Cary Grant is one of the main characters in Ian Iqbal Rashid’s debut feature, a would-be a sophisticated romantic comedy about Alim (Jimi Mistry), a young man who has difficulty revealing to his mother that he’s gay. (The very title, of course, is a play on that of a Grant movie, 1962’s “That Touch of Mink.”) Grant is Alim’s imaginary friend, a kind of sounding-board and source of advice drawn from his host’s loving recollection of old movies and his longings about what he wants his life to be. The figure is, of course, a theatrical device designed to bring the protagonist’s fears and desires alive in a charmingly nostalgic way. But for the film–and the device–to work, several things are required. One is that the script has to make you care about Alim. Another is that while the actor playing Grant needn’t look exactly like him, he does have to capture his debonair style and offhandedly elegant mien without apparent effort. And, of course, the situations and dialogue must have an easy wit and verve; the movie has to be light on its feet.

Unfortunately, none of these requirements are met by “Touch of Pink.” It’s a heavy, contrived bit of whimsy that doesn’t even match its fluffily amusing Ross Hunter models. Misty, who was spry and likable in “The Guru,” makes Alim, a Toronto-born fellow now living in London with his understanding, good-natured boyfriend Giles (Kristen Holden-Ried), a rather dour, inexpressive fellow who’s discomfited when his aggressive, controlling mother Nuru (Suleka Mathew) comes for a visit. Alim’s cousin Khaled (Raoul Bhaneja) is getting married–an occasion, of course, for the inclusion of lots of the wedding material that seems obligatory in any film involving Indian characters–and Nuru, who’s constantly competitive with her sister Dolly (Veena Sood), arrives determined to get her son to return home for the festivities and eventually to settle down with a wife himself there. Alim’s solution to the bedroom-farce situation that results is designed by his imaginary alter-ego Cary Grant (Kyle MacLachlan): he pretends that Giles is just his roommate, and that he’s engaged to Giles’ sister Delia (Liisa Repo-Martell). What follows is a collision between real life and Hollywood fantasy as Nuru learns the truth and Giles leaves in irritation at Alim’s treatment of others. The big finale takes the characters back to Toronto for the wedding, where a revelation about Alim’s early relationship with Khaled shakes up the characters’–and, the filmmaker hopes, our–attitudes, leading to Alim’s finally choosing between the make-believe world that the Grant figure represents and a real, truthful future for himself.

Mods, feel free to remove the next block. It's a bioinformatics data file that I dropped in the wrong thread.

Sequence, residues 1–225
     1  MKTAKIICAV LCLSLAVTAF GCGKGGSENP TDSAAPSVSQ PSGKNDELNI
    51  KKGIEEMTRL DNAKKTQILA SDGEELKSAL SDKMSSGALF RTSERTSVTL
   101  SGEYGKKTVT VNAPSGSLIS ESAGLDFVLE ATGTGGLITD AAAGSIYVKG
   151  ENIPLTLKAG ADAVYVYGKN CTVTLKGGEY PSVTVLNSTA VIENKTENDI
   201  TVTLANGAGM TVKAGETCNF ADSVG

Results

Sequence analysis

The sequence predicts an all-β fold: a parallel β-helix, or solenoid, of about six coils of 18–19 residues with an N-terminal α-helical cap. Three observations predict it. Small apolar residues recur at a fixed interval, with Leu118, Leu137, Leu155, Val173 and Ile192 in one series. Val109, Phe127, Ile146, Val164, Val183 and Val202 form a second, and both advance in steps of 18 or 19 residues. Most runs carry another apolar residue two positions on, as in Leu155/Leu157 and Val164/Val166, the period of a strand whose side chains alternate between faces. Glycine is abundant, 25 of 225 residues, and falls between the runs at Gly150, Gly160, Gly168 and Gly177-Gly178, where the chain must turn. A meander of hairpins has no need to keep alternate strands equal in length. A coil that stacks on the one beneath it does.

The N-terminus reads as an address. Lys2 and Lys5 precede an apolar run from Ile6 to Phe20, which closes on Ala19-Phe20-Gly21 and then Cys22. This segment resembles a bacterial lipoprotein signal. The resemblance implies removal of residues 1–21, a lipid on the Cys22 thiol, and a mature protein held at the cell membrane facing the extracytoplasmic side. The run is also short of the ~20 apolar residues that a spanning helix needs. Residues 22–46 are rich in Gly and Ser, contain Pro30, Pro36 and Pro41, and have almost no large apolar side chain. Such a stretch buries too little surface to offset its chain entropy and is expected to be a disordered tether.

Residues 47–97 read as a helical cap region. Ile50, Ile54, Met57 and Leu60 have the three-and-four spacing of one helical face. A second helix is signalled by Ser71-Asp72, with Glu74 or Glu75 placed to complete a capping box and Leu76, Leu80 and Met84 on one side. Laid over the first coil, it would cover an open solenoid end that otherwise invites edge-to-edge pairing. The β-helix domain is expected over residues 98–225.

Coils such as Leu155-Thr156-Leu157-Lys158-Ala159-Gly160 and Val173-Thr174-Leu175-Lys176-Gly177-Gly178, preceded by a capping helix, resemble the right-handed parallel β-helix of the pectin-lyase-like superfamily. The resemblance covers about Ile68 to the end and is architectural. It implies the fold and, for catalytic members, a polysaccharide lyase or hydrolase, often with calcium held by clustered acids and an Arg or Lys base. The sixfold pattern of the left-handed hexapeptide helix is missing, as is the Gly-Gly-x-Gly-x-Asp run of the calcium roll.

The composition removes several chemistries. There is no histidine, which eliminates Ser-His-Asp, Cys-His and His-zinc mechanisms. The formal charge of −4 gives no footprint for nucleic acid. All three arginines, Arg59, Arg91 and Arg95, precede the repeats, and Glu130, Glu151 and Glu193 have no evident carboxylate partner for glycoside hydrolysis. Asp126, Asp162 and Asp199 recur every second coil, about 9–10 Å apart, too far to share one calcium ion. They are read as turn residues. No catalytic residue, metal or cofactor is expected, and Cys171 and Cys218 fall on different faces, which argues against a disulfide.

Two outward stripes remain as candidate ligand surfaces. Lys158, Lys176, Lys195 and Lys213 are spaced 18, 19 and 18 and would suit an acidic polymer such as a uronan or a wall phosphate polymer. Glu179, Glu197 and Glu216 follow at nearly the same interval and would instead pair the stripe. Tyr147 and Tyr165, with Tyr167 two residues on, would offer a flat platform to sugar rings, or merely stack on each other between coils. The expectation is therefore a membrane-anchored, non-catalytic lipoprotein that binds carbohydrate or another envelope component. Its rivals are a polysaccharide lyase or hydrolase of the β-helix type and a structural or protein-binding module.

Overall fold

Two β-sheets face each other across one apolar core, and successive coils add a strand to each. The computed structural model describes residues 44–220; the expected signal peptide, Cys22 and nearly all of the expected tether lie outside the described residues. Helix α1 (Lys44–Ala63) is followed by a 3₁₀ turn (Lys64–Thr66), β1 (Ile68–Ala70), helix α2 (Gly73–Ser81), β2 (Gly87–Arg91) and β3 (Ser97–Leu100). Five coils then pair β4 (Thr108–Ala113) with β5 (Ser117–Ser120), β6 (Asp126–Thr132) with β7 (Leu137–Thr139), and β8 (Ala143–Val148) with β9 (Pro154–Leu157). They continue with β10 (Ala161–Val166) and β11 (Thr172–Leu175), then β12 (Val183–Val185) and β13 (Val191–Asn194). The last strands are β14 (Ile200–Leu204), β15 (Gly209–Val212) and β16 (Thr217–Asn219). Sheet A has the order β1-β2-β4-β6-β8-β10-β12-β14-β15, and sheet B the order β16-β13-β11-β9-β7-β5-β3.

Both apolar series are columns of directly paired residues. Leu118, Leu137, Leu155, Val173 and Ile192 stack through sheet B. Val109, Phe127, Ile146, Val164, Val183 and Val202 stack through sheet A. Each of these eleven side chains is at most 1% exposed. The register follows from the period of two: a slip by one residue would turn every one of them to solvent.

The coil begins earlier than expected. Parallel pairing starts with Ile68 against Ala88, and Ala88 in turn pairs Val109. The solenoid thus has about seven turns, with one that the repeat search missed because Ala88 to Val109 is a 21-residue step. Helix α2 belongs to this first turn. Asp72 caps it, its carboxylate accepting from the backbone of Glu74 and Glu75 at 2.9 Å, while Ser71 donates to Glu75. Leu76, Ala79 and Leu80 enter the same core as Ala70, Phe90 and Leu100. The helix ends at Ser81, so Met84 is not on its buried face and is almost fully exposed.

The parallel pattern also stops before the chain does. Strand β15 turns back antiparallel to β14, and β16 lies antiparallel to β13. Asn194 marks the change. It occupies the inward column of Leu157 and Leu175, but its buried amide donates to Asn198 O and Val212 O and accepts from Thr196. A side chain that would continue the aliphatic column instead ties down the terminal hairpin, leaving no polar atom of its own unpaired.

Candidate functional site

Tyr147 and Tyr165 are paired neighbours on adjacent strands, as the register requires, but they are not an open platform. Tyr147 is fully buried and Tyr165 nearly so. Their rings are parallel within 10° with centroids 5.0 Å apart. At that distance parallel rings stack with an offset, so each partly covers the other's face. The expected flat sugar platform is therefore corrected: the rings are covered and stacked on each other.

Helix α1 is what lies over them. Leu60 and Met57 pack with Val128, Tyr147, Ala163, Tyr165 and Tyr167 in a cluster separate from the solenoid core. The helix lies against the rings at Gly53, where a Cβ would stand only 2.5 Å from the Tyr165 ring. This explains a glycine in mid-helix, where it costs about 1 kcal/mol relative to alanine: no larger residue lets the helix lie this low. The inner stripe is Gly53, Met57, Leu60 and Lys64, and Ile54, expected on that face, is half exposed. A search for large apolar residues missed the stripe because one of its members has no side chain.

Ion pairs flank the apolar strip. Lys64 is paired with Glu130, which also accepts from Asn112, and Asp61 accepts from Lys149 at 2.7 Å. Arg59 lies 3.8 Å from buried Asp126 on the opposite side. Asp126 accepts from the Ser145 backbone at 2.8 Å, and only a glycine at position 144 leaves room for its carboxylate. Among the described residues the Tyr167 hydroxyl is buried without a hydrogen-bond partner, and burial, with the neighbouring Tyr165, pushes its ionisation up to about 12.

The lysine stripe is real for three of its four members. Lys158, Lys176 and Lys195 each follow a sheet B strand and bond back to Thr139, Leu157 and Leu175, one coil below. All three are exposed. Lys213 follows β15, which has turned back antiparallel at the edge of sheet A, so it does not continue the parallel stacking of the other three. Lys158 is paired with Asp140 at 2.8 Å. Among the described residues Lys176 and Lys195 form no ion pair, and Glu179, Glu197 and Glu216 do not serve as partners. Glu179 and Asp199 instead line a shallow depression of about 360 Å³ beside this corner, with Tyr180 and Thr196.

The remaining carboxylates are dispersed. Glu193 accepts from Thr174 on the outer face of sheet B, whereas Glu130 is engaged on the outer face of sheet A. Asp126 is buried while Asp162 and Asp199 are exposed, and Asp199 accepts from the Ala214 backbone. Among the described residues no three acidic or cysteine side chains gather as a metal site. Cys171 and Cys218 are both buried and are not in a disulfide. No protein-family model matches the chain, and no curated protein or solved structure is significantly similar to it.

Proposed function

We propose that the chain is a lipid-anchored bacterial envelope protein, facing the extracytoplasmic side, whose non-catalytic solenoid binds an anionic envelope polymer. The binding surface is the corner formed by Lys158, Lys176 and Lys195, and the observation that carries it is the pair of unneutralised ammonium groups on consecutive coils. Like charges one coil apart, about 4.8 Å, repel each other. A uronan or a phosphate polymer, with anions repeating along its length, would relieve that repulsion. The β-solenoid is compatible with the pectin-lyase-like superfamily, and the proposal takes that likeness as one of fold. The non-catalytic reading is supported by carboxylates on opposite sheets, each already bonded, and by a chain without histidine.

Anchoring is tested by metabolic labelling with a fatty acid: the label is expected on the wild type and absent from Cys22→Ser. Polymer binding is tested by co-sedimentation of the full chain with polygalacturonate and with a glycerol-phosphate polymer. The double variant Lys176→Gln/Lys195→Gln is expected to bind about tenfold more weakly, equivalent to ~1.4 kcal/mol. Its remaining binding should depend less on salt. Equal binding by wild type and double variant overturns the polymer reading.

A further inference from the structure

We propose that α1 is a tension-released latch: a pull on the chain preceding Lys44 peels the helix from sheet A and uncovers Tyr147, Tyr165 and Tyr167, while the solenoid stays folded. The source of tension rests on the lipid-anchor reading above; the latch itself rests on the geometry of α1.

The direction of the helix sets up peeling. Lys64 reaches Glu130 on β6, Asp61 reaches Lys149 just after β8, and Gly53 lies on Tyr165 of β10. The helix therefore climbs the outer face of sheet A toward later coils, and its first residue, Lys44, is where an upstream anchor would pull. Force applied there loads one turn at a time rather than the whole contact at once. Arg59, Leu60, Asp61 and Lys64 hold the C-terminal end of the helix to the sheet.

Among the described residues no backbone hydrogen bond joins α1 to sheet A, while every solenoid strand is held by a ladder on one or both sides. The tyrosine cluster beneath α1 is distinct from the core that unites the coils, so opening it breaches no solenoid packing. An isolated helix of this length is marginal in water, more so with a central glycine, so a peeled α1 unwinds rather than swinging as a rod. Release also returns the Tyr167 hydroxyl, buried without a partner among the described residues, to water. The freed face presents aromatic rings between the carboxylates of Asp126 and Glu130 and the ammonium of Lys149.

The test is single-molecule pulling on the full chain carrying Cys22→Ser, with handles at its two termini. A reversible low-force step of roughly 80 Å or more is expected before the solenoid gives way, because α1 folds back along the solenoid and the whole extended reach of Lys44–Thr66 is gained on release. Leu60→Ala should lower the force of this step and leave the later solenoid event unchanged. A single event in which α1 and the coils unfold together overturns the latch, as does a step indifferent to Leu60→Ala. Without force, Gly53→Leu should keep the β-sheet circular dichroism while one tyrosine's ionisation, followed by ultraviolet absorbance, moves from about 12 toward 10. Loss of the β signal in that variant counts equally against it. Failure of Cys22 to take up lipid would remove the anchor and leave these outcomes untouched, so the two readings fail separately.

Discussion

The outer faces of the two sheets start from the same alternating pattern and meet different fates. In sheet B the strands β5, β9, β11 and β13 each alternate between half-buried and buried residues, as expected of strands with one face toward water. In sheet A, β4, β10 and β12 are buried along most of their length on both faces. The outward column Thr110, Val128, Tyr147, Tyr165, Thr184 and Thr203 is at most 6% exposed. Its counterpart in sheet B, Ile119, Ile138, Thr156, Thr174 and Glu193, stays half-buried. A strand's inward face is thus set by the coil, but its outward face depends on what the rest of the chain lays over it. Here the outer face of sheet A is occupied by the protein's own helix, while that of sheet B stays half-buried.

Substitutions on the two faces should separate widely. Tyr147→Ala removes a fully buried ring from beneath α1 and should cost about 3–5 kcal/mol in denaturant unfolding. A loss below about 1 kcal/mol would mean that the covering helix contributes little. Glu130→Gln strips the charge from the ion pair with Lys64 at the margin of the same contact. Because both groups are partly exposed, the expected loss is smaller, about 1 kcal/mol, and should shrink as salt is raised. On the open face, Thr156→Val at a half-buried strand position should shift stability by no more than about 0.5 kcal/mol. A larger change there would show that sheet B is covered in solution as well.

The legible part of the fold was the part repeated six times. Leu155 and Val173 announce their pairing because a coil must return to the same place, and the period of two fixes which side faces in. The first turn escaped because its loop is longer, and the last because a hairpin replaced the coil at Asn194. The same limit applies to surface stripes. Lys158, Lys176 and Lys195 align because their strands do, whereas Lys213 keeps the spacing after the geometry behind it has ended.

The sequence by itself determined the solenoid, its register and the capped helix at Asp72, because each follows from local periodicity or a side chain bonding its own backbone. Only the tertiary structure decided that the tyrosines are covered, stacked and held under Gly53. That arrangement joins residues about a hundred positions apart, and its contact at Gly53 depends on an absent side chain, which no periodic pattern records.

There’s the germ of an interesting idea in all this, but Rashid and his cast never manage to infuse it with the energy and charm it desperately needs. In addition to Misty’s misconceived sullenness and humorlessness, Mathew comes across as entirely too abrasive and unpleasant, only rarely letting us glimpse the insecurity and vulnerability beneath the surface, and Sood makes Nuru’s sister into a broad caricature. Holden-Ried and Repo-Martell offer occasional respite as the British siblings–their laid-back turns are rather a contrast to the lack of lightness around them–but it’s MacLachlan who fails most signally to give the picture the brisk, exuberant tone his character is obviously intended to provide. His Grant isn’t much more than a vocal imitation, and a clipped, brusque one at that; in his hands the character is nothing more than poses and unfunny quips, delivered in an emphatic, italicized fashion that drains all charm from the conceit. With a winning rendition of Cary, “Touch of Pink” would still probably not have amounted to much, but without one it’s particularly flat. One has to appreciate the efforts of production designer Gavin Mitchell and cinematographer David A. Makin to give the film some visual elegance on its obviously limited budget, but even in that department the results are mixed. In the end Rashid’s film touches neither the heart nor the funnybone.